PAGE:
December 30, 2013, by Stephen Mumford


A new year is to begin in the Western calendar. It marks the opportunity for new beginnings, new resolutions, a virtual rebirth. Many believe the date of the new year to be an arbitrary point. But what matters is the prospect of an annual renewal, reinvigoration and reinvention. New Year’s Day presents us with an existential challenge. Now is the time to decide who you want to be and how you want to live your life.

Søren Kierkegaard is attributed with saying ‘Life can only be understood backwards; but it must be lived forwards’. It’s a succinct paraphrase of what he actually said (see bottom for full quotation) and encapsulates the time-structured nature of our existence: a theme taken up in Heidegger’s Being and Time. In retrospect, we can make sense of the events of our lives, weaving them into an overarching narrative that rationalises our personal histories. You are a needy person, perhaps, because you were emotionally starved in childhood, and this is what led you to require generous acknowledgment of your achievements. Things start to make sense when you look back. But our decisions are all future-directed where one never knows exactly how events will transpire. One has to take a leap of faith, acting on a belief in what your actions will tend to achieve. Each day, one steps into the unknown. Informed by the past, one attempts to make choices in the present that will realise hopes for the future.

The New Year is almost here. This is the point to reassess priorities and the decisions of the past and to create a new and better life. Human freedom depends on this retrospective, introspective and prospective process. Whether you truly have a Happy New Year in large parts depends on your diligence in conducting this activity. My best wishes for 2014 to all who have followed Arts Matters. Thanks for all the encouragement, comments and retweets!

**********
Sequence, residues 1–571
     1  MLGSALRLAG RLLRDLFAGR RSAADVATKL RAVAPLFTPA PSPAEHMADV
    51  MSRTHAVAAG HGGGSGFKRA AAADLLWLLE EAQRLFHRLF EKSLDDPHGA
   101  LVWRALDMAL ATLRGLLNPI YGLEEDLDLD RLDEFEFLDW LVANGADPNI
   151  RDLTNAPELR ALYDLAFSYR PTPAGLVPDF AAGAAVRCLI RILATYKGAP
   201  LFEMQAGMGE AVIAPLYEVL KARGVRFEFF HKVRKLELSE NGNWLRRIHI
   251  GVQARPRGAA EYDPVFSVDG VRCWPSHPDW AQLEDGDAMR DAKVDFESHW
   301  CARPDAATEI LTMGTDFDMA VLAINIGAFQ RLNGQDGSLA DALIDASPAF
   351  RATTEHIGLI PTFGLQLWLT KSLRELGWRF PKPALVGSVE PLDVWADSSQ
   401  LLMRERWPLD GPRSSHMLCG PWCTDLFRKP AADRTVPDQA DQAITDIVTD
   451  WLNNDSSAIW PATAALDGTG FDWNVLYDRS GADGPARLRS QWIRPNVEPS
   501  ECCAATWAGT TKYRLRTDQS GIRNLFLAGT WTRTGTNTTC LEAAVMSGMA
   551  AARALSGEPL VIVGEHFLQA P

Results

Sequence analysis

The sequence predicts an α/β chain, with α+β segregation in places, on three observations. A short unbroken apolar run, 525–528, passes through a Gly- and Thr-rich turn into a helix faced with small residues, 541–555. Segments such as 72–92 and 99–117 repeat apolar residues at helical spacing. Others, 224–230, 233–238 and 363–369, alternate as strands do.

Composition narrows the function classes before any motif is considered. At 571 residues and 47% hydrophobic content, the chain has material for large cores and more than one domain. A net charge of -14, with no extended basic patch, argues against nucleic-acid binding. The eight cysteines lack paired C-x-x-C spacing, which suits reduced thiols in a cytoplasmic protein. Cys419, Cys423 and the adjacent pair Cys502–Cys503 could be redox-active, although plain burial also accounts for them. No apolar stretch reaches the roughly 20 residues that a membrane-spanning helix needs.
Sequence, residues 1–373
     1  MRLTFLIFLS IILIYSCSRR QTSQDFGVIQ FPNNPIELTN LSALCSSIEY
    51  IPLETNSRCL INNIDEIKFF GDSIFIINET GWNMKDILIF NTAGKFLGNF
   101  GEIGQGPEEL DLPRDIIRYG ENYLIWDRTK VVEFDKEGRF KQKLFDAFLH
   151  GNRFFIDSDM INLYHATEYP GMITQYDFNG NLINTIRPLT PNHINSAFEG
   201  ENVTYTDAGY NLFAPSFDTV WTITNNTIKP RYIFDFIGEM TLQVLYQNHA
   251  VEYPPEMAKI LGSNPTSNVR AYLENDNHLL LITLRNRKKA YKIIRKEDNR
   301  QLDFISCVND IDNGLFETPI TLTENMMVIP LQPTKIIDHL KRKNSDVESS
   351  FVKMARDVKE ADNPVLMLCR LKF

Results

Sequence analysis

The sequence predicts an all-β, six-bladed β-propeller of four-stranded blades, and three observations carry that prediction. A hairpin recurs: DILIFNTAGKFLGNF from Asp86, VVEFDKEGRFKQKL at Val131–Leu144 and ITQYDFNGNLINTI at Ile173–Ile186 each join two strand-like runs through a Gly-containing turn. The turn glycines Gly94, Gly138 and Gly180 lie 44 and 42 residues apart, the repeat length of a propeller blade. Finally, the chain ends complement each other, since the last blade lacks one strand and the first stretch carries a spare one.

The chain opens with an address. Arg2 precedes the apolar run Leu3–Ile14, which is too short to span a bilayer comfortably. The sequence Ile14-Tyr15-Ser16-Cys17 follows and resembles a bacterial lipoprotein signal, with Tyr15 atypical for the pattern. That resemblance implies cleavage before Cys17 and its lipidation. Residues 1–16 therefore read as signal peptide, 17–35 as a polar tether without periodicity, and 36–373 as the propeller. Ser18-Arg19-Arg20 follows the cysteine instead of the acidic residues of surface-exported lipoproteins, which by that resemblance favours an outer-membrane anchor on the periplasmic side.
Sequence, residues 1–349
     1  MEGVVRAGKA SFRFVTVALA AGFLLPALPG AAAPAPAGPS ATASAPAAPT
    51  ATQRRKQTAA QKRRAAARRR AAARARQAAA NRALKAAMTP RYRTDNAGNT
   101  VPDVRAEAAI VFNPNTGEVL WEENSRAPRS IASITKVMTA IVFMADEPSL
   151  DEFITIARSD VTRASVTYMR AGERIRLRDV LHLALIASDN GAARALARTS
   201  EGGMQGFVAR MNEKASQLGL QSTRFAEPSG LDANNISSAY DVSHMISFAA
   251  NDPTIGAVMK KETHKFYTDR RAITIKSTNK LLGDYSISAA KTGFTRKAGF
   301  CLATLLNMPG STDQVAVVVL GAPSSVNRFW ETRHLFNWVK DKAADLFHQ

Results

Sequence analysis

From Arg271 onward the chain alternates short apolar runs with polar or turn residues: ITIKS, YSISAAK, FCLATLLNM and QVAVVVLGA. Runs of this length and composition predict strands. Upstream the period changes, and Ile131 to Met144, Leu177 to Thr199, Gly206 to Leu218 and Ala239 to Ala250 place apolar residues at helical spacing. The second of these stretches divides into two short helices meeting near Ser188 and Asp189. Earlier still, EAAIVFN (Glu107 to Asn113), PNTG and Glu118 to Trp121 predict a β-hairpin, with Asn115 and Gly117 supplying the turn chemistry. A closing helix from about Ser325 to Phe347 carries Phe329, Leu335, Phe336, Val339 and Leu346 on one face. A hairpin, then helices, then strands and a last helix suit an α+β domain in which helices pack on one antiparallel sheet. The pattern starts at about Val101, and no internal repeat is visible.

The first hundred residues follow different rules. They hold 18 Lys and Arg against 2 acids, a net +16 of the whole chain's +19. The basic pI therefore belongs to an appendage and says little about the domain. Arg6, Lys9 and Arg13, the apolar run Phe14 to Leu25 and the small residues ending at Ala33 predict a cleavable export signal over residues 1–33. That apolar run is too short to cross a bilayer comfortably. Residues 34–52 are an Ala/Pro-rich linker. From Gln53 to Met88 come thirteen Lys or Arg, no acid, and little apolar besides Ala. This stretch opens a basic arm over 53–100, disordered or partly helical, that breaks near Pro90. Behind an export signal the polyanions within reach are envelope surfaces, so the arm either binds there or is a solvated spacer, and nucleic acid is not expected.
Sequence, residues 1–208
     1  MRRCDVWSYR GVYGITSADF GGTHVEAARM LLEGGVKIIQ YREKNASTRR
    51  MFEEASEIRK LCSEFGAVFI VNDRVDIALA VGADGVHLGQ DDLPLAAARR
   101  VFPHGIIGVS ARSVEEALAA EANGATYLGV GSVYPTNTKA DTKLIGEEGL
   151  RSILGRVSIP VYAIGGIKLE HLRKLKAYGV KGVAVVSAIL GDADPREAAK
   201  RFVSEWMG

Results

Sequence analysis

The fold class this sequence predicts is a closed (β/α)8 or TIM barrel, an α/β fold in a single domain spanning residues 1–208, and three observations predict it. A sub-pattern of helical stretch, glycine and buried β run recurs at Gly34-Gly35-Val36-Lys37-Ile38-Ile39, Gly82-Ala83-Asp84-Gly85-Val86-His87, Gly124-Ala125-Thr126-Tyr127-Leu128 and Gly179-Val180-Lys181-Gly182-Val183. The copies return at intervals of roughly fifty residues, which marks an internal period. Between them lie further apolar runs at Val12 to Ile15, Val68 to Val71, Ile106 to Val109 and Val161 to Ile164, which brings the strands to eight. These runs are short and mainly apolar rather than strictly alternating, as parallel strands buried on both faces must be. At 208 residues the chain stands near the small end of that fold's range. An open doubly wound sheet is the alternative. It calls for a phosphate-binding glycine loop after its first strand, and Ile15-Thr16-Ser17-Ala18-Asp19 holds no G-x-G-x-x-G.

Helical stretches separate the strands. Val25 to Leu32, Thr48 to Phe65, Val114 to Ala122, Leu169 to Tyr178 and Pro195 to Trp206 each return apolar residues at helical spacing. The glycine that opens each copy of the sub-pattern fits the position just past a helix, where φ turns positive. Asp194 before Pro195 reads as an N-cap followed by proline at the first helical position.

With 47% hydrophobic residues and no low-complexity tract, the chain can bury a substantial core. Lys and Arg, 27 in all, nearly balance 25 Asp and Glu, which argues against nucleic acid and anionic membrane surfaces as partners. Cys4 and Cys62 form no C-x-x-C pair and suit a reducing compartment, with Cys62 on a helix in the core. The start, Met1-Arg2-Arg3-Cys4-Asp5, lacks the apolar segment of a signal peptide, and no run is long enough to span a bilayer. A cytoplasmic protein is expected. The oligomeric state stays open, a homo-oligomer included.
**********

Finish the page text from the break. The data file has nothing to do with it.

The full Kierkegaard quotation:

‘It is really true what philosophy tells us, that life must be understood backwards. But with this, one forgets the second proposition, that it must be lived forwards. A proposition which, the more it is subjected to careful thought, the more it ends up concluding precisely that life at any given moment cannot really ever be fully understood; exactly because there is no single moment where time stops completely in order for me to take position [to do this]: going backwards.’

[Original: Det er ganske sandt, hvad Philosophien siger, at Livet maa forstaaes baglaends. Men derover glemmer man den anden Saetning, at det maa leves forlaends. Hvilken Saetning, jo meer den gjennemtaenkes, netop ender med, at Livet i Timeligheden aldrig ret bliver forstaaeligt, netop fordi jeg intet Øieblik kan faae fuldelig Ro til at indtage Stillingen: baglaends.]

Søren Kierkegaard, Journalen JJ: 167 (1843), Søren Kierkegaards Skrifter, Søren Kierkegaard Research Center, Copenhagen, 1997–, vol 18, p. 306.

Posted in ExistentialismMetaphysicsPhilosophyTheology and Religious Studies